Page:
Friday, May 17 2013 7:16 PM EDT2013-05-17 23:16:53 GMT
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The community is responding after four airmen with the North Carolina National Guard died in a C-130 crash in South Dakota last weekend.
According to Lieutenant Colonel Rose Dunlap with the 145th Airlift Wing, people locally and nationally have made offers to honor the four fallen airmen monetarily and with physical labor.
"We're working hard to track all donations and calls wanting to help and assist," according to Terry Henderson of the 145 AW's Airmen & Family Readiness Center. Henderson continued, saying, "We've developed a 'Resource Roster' so that as we are informed of family needs or concerns we can respond quickly."
Henderson said donations have already been made of offers to provide meals, keep up lawns, provide gift cards, and donations to memorial funds.
Lt. Col. Paul K. Mikeal, Maj. Joseph M. McCormick, Maj. Ryan S. David, and Senior Master Sgt. Robert S. Cannon were all killed in the crash on Sunday evening.
"Words can't express how much we feel the loss of these Airmen," said Brig. Gen. Tony McMillan, 145 AW Commander. "Our prayers are with their families, as well as our injured brothers as they recover."
Lieutenant Colonel Mikeal was assigned to the 156th Airlift Squadron as an evaluator pilot and had more than 20 years of service. He leaves behind a wife and two children.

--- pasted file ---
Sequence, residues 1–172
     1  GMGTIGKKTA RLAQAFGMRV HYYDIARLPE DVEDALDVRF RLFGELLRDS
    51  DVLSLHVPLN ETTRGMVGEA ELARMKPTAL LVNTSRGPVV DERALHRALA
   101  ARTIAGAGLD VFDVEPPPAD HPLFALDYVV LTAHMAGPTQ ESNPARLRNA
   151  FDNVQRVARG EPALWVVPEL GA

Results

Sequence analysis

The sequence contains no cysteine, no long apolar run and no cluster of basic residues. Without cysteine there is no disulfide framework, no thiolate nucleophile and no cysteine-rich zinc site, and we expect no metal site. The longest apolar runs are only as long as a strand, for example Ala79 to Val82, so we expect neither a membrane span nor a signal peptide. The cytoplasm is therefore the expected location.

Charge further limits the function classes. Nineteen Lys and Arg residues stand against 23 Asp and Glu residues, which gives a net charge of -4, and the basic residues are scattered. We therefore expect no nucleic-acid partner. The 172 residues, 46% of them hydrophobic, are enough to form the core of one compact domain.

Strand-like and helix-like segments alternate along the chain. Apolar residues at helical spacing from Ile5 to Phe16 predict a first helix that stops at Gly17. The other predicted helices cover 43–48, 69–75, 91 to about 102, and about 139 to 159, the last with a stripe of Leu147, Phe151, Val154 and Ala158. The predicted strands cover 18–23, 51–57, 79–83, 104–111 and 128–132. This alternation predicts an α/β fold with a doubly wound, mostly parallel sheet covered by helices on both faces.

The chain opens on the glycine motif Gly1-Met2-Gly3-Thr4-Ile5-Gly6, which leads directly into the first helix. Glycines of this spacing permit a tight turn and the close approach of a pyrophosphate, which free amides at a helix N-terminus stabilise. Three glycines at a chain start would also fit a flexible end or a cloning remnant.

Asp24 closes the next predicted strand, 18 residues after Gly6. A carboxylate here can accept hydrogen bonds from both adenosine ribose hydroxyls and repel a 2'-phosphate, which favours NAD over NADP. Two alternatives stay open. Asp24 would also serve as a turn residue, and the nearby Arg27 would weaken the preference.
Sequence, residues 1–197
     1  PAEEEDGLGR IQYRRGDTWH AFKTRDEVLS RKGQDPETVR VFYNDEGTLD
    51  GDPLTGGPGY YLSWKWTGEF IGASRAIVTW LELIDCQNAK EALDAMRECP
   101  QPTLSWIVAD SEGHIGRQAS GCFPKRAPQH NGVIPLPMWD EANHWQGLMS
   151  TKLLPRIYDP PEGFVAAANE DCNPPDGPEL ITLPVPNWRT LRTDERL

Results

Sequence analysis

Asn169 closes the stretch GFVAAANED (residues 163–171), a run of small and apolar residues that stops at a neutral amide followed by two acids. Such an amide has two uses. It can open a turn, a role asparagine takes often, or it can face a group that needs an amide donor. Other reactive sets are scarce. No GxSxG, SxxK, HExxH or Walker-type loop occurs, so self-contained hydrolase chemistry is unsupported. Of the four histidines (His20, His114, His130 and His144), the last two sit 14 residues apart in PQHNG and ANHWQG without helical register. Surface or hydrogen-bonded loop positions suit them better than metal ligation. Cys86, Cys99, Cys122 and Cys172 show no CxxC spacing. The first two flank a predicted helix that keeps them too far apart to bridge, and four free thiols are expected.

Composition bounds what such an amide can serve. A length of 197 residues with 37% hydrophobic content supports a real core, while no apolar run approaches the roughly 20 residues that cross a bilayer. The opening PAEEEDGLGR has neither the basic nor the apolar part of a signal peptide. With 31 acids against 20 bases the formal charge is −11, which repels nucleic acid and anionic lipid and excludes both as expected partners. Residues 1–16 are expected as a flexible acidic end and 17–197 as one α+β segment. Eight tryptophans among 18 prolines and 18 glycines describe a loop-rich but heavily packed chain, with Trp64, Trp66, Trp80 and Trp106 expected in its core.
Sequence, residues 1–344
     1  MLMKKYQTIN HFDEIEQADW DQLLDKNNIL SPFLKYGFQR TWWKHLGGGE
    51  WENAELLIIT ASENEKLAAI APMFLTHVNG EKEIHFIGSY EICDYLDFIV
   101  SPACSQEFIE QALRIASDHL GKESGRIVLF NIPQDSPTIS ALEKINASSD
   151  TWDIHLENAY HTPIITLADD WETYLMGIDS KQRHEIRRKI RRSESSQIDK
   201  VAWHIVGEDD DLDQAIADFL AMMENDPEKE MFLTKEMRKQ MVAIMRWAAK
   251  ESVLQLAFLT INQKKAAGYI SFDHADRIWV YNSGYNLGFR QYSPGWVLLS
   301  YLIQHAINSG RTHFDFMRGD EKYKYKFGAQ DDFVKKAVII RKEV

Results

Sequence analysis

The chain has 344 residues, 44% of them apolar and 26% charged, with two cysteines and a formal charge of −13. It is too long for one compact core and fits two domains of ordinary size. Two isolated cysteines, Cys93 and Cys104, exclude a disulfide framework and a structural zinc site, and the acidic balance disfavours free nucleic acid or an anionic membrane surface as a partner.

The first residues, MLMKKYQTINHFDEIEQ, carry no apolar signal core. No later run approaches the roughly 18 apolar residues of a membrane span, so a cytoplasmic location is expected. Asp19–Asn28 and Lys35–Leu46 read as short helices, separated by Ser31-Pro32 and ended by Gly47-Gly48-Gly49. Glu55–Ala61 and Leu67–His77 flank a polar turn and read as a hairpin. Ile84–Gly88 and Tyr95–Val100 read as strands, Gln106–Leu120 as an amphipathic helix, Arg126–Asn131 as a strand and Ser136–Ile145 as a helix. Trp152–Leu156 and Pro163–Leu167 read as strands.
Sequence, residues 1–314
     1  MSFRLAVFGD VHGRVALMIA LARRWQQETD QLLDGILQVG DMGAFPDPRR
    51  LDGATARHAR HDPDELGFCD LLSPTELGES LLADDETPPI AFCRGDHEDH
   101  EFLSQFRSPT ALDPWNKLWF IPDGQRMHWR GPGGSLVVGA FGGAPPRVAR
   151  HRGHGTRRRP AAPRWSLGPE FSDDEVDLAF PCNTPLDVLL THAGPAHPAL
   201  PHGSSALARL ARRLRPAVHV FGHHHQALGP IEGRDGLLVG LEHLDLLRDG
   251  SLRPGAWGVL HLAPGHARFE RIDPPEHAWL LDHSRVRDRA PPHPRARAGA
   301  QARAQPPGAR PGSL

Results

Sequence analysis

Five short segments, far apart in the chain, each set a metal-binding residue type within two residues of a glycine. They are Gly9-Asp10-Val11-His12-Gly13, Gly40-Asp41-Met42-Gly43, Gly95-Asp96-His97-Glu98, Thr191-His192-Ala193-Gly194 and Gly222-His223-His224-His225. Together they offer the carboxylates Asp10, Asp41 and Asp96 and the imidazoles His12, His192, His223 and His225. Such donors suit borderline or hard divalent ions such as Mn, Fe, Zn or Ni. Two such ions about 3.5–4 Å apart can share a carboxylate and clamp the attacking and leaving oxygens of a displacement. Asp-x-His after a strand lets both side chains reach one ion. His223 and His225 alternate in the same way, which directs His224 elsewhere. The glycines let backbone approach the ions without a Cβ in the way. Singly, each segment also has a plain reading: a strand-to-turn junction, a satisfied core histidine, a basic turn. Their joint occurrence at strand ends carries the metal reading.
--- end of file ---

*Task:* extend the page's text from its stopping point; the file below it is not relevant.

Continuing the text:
Major McCormick was an instructor pilot and chief of training for the 156th Airlift Squadron. He was married with four children.
Major David was an experienced navigator and was also assigned to the 156th. He joined the North Carolina Air National Guard in 2011 after prior service in the active-duty U.S. Air Force. He is survived by his wife and one child.
Senior Master Sergeant Cannon had more than 29 years with the Charlotte unit and was a flight engineer with the 145th Operations Support Flight. He was married with two children.
WBTV has learned that all four will be added to the North Carolina Air National Guard Memorial in October.
The crew and its aircraft along with two other 145th C-130s and three dozen airmen flew from Charlotte to Peterson Air Force Base in Colorado Springs, Colo., Saturday to assist with fighting forest fires in the Rocky Mountain region.
The crash occurred around 6:30 p.m. Mountain Time near Edgemont, S.D., as the crew assisted with battling what is being called the White Draw fire. The cause of the crash is unknown and under investigation.
Two other airmen were also injured when a C-130 Hercules belonging to the 145th Airlift Wing based out of Charlotte crashed on Sunday night. The spokesperson says it is against policy for them to release the name of injured airmen.
MAFFS is a joint Department of Defense and U.S. Forest Service program designed to provide additional aerial firefighting resources when commercial and private air tankers are no longer able to meet the needs of the forest service.
According to Forest Service records, the agency has been working with the North Carolina Air National Guard on fire suppression missions since the early 1970s.
Information regarding donations or memorials is available through the 145th Airlift Wing, Airman & Family Readiness at (704) 398-4949.